The Refuge's "Slow the Flow" workshops and grant program sparked a budding movement in the local community.  Over 50 people attended the talk by Doug Tallamy and 24 attended the day-long workshop. The Refuge continues to hear from lecture and workshop attendees on how the talks inspired them to begin green landscaping in their backyard, even those that did not receive grants.
The grant program encourages landowners to make lawn care and landscaping more environmentally friendly.  In 2012, eight grants, ranging from $300 to $2,500, have been awarded to landowners in the Plum Island Estuary watershed.  One grant, for up to $2,500, was awarded for a Low Impact Development project.  Landowners must contribute a 50 percent match.
Grant recipients were very busy in the summer of 2012 implementing their green vision.  Katie Hone of Ipswich, Massachusetts, purchased her property abutting the Ipswich River and discovered that the entire property was covered in black plastic, causing any runoff to flow directly to the river.  With the help of the grant, she has converted her waterfront home into a woodland oasis, dotted with native shade gardens, monarch way stations, and a setting where her two young children can have close encounters with nature.  Louise Brooks Nelson removed her asphalt patio and installed permeable pavers.  The topic of discussion at her backyard barbeques is now focused on how beautiful permeable pavers can be while helping to reduce pollution runoff.  Julia Yoshida and the Town of Newbury have installed native wildlife gardens on Plum Island, just north of the Refuge.  The Newbury Elementary School received funding for a rain garden.  Their Parent Teacher Association has embraced the project, solicited numerous donated services, and plan to use the rain garden as the centerpiece of a larger outdoor classroom to be installed next year.  Bruce Kubik of Ipswich, Massachusetts, is reducing his lawn area, planting natives, and fighting invasive plants on his property abutting salt marsh habitat.
The "Catching the Rain:  A Rain Barrel Making Workshop" led by Melissa Lesh, the Refuge's Biological Science Technician, and captured the interest of the participants, and the workshop provided the information and materials necessary for all participants to lower their water bills, grow healthier plants, and help keep water in the rivers for wildlife.  The participants were encouraged to assemble their very own rain barrel from scratch, using 55 gallon drums obtained from local business and parts available from the local hardware store.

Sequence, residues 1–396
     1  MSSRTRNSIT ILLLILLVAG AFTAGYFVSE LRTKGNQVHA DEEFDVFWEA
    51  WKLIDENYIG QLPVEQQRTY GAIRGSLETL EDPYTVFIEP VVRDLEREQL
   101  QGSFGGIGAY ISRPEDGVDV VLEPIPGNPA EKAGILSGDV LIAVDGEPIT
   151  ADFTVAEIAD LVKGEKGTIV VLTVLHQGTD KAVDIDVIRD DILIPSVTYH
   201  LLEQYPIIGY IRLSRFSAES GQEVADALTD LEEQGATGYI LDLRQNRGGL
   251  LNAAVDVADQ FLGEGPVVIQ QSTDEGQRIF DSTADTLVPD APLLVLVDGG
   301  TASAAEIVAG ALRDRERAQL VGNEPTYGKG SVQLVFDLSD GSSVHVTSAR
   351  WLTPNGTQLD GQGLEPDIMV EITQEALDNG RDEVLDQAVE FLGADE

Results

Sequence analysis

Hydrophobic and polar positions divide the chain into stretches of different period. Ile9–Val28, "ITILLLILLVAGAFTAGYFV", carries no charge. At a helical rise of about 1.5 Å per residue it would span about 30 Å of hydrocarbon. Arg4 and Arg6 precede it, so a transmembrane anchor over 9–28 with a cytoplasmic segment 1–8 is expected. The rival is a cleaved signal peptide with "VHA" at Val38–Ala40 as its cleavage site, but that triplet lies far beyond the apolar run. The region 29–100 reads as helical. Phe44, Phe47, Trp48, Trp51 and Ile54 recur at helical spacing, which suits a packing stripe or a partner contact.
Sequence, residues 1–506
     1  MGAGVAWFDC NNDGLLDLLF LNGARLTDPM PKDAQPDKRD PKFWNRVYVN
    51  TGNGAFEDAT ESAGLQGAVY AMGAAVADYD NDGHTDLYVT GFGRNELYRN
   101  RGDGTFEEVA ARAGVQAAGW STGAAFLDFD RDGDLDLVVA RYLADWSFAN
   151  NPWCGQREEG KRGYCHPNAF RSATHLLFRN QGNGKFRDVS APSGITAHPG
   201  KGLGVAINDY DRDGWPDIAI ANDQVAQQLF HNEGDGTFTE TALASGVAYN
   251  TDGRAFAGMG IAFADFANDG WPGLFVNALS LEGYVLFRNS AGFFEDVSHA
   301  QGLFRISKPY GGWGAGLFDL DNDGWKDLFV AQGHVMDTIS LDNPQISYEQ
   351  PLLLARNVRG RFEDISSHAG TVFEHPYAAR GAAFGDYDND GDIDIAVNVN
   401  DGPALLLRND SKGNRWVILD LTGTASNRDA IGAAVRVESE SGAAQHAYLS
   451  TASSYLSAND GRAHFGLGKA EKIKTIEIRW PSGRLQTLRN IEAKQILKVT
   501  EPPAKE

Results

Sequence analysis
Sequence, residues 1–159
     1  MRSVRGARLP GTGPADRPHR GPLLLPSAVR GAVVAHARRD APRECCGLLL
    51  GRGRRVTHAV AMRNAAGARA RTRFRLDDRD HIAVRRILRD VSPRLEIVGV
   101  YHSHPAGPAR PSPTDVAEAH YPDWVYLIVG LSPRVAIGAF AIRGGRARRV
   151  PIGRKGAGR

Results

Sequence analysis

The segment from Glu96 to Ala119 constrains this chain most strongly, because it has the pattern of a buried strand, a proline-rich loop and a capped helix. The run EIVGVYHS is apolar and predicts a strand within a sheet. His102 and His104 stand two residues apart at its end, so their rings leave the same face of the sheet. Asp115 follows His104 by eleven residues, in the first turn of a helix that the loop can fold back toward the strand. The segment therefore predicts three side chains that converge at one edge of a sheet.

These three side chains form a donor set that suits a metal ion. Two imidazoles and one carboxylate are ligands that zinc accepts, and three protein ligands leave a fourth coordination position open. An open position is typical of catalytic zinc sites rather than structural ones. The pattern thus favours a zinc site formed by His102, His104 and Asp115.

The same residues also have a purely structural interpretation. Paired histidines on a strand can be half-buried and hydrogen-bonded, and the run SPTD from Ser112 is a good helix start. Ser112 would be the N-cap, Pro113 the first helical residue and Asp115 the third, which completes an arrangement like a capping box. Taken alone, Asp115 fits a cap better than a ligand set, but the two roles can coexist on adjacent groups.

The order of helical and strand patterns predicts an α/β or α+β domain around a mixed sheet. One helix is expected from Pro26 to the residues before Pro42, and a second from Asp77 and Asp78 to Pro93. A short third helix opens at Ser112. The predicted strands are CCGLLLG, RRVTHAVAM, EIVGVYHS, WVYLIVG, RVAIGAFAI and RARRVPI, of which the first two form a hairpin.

By teaching homeowners how to make their own rain barrels and where to find local sources of 55 gallon drums, the Refuge is not only reducing trash otherwise headed for landfills, but reducing the carbon footprint of purchasing and transporting a ready-made rain barrel. Utilizing what was readily available within the local community brought the conservation initiative full circle.


The Refuge's "Slow the Flow" campaign, which involves the local community in sustainable landscape techniques, and its Rain Barrel Making Workshop, could easily be replicated at other Refuges.
The Refuge has written a rain barrel informational brochure, which provides instructions on how to make a rain barrel and includes a parts list.  The grant program has a request for proposals and an application template which can be implemented at other Refuges. The workshop agenda can be easily adapted to other Refuges.
Happy to have adopted a sustainable living practice in their homes, the attendees left the workshop with a new knowledge of rain barrel benefits and the ease of implementation. The Refuge hopes to host more workshops in the future. Rain barrels present a low-cost solution for high water bills, fluoride laced plants, and low water flows in our rivers.